How Not to Recover from Bankruptcy

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Parade (an insert in the Houston Chronicle) on August 16, 2009 had an article entitled, “How to Bounce Back From Bankruptcy”.  The article written by George Anders.  From the moment my eyes glanced across the introduction I knew I was in for an especially frustrating treat. 

Debt is Not the Solution to Bankruptcy

Interestingly, the article tells that one million Americans filed bankruptcy in 2008.  This is up 30% from 2007.  To those one million Americans, it says,

You can still bounce back and reestablish a good credit rating.

In a best-case scenario … you could qualify for a car loan with good rates in a year and a mortgage in two to four years.

the path back usually involves careful steps to reestablish creditworthiness.

WHAT?!!  Aren’t they implying that the way to bounce back from bankruptcy is to maximize how efficiently your borrow in the future?  Ironically, it seems to me that a person who has gone through bankruptcy would bounce back if she were to completely avoid borrowing and debt. 

Bankruptcy is a serious decision for Christians and so bankruptcy should be carefully considered

6 Things to Avoid After Bankruptcy

  1. Start with one credit card.
  2. Make prompt payments 100% of the time. 
  3. Ask for lower rates, especially as your credit improves.
  4. Avoid “credit-repair” schemes.
  5. View a car loan as the next big step.
  6. Keep balances under control.
  7. Plan for a mortgage.

Ahhhhhhhhhhhhhhhhhhhhhh.  Yes, this is an actual article.  No, I did not make this up.  This is a legitimate article.  Ahhhhhhhhhhhhhhhhh!!

Why this article contains bad post bankruptcy advice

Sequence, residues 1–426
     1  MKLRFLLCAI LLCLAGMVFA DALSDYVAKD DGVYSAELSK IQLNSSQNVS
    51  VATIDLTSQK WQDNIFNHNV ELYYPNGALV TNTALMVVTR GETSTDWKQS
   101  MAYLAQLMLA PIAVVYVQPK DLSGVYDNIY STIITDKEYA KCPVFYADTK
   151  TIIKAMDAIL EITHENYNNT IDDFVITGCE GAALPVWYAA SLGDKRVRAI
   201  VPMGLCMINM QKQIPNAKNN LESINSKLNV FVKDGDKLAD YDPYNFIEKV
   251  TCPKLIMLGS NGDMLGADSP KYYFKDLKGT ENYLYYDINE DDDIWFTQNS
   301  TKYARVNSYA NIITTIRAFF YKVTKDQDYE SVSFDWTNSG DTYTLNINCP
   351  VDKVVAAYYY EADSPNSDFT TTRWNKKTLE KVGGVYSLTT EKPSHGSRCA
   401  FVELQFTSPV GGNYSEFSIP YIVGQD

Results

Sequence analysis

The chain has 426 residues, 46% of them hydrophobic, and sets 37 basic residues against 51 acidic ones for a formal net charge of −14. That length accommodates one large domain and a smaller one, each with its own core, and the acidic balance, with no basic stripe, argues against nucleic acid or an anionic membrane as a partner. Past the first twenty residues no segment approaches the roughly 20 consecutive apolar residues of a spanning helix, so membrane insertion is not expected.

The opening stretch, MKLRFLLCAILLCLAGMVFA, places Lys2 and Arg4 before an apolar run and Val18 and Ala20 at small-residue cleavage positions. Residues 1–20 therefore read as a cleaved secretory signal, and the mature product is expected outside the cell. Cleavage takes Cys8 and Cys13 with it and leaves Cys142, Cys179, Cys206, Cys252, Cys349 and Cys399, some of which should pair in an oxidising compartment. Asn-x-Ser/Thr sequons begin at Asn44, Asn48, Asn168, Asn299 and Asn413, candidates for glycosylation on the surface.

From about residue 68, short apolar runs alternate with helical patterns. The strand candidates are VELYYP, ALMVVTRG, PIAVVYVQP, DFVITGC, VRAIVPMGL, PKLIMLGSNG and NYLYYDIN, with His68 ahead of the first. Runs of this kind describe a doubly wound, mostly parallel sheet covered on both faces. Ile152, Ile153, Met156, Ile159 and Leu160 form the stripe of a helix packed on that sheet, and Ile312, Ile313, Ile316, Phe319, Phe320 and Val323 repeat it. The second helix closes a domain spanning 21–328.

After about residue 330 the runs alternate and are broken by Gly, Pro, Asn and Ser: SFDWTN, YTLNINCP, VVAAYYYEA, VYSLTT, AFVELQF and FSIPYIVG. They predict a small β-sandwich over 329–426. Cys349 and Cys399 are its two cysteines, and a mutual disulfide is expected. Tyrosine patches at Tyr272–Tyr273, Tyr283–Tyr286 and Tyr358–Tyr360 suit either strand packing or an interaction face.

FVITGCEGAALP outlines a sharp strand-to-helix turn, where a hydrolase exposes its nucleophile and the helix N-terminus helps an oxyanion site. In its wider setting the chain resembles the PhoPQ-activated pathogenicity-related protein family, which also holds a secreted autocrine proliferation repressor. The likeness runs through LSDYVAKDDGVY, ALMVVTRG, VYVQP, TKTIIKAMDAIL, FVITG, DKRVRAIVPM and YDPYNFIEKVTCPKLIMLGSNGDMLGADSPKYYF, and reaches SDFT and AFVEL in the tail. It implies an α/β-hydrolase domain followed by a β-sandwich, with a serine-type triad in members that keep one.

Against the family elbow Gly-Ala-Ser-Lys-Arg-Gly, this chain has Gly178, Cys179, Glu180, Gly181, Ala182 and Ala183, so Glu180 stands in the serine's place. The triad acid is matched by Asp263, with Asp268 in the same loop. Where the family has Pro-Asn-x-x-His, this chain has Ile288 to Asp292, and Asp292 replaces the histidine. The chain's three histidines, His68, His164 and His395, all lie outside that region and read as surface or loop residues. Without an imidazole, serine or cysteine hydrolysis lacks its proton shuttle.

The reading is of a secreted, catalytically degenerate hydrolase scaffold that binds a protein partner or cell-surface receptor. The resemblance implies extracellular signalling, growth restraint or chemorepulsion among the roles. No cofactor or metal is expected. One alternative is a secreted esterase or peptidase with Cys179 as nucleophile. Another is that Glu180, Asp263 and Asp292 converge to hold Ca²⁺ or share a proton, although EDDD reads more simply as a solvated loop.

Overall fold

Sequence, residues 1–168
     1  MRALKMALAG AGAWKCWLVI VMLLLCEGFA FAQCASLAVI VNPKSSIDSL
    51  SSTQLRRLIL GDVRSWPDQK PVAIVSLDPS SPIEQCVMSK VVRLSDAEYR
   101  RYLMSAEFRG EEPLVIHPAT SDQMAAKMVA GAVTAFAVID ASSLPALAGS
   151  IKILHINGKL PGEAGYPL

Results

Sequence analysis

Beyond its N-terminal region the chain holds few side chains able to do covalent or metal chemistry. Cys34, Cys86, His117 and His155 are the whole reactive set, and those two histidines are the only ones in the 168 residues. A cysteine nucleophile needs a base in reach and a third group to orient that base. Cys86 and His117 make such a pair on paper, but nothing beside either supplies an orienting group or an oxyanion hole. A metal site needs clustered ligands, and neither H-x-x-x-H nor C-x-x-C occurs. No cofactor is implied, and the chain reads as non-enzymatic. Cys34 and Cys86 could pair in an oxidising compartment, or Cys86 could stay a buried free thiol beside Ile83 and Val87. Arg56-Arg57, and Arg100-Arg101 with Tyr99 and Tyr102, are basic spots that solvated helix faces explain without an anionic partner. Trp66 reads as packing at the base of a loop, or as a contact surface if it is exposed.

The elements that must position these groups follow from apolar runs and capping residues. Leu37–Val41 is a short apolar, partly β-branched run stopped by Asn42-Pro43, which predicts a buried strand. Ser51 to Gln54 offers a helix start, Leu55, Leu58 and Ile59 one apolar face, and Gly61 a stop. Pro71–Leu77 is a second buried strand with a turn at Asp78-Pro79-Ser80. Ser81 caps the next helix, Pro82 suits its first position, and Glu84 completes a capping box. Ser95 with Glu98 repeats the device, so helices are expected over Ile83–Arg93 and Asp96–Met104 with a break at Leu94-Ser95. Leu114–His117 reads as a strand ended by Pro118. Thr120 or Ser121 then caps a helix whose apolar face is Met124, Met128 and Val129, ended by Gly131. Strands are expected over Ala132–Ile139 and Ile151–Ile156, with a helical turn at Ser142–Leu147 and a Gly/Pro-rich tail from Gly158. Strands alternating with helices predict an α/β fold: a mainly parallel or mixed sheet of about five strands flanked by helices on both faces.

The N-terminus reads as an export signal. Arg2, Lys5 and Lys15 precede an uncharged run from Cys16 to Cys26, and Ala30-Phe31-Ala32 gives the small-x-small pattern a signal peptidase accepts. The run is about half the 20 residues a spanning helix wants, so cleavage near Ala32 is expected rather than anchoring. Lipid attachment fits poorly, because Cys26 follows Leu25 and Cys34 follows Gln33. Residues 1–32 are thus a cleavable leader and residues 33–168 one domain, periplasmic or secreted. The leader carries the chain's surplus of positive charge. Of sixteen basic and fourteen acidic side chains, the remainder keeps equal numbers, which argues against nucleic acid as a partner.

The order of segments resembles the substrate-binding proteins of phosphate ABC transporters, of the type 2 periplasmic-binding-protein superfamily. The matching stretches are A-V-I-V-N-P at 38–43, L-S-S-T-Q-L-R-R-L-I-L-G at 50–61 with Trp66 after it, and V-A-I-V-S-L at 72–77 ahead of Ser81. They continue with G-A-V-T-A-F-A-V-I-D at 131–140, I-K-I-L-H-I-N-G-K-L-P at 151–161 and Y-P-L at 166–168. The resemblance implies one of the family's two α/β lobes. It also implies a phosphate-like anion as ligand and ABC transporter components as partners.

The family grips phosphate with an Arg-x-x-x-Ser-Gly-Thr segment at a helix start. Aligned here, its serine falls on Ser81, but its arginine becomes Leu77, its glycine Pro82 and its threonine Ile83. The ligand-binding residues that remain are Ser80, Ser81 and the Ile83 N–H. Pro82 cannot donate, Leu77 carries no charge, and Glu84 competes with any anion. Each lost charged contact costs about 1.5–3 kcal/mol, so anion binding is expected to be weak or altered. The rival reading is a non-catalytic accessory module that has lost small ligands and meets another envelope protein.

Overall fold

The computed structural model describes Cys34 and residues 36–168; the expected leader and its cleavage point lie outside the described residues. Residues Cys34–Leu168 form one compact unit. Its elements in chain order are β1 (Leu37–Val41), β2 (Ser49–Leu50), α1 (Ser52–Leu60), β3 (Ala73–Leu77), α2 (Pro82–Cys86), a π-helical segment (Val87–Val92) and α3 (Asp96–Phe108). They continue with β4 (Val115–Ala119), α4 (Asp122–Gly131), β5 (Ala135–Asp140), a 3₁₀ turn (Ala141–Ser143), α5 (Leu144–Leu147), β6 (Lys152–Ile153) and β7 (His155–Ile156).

1. None of the suggestions deal with debt symptoms.  Be sure to identify why you went into debt.  Typically debt, and certainly bankruptcy, is a sign that something is drastically wrong with your financial operating system.  When the system fails to the point of bankruptcy it is time for an entirely new game plan.  A game plan that excludes debt and credit.
  2. None of the suggestions deal with positive habit changes.  If I experienced a bankruptcy, I would establish new habits, habits of the financially fit.  Those habits would exclude any strategy that led me towards debt or events that involved borrowing money.  It was not a blessing the first time around. I would not expect it to be such during a second go with debt.
  3. I think a Dave Ramsey phrase is appropriate, “I don’t worship at the alter of the great FICO score”.  This article is not about building wealth.  It is not about saving money.  It is about expediting your opportunity to return to the tumultuous world of debt.
  4. All of these suggestions deal with debt and credit.  None of these items deal with actually improving your financial situation.  At they very least you must develop some credit guidelines.  Nothing about spending less than you earn.  Nothing about taking an extra job for a short time.  Nothing about prioritizing your debt.  Nothing about debt as an obligation.

How To Rebuild your Finances After Bankruptcy

Start with one credit card                    Never, never, never use a credit card again. Pay cash only.
Make prompt payments 100% of the time  Hey, I agree with one piece of advice. Pay prompt by paying cash.
Ask for lower rates                                   Take advantage of the no debt, cash only, 0% interest plan
Avoid “credit repair” schemes                  Avoid anyone who cares more about improving credit more than improving your finances.
View a car loan as the next big step       View a savings account and budgeting as your next big step.
Keep balances under control                    Spend less than you make.
Plan for a mortgage                                Rent to save until you are in a better financial position.


Three recommended articles for getting out of debt.

Getting out of debt your simple first step

Getting out of debt step two

Get out of debt step three.

Photo by Nesster.

Anyone else things the above mentioned article is way off base?


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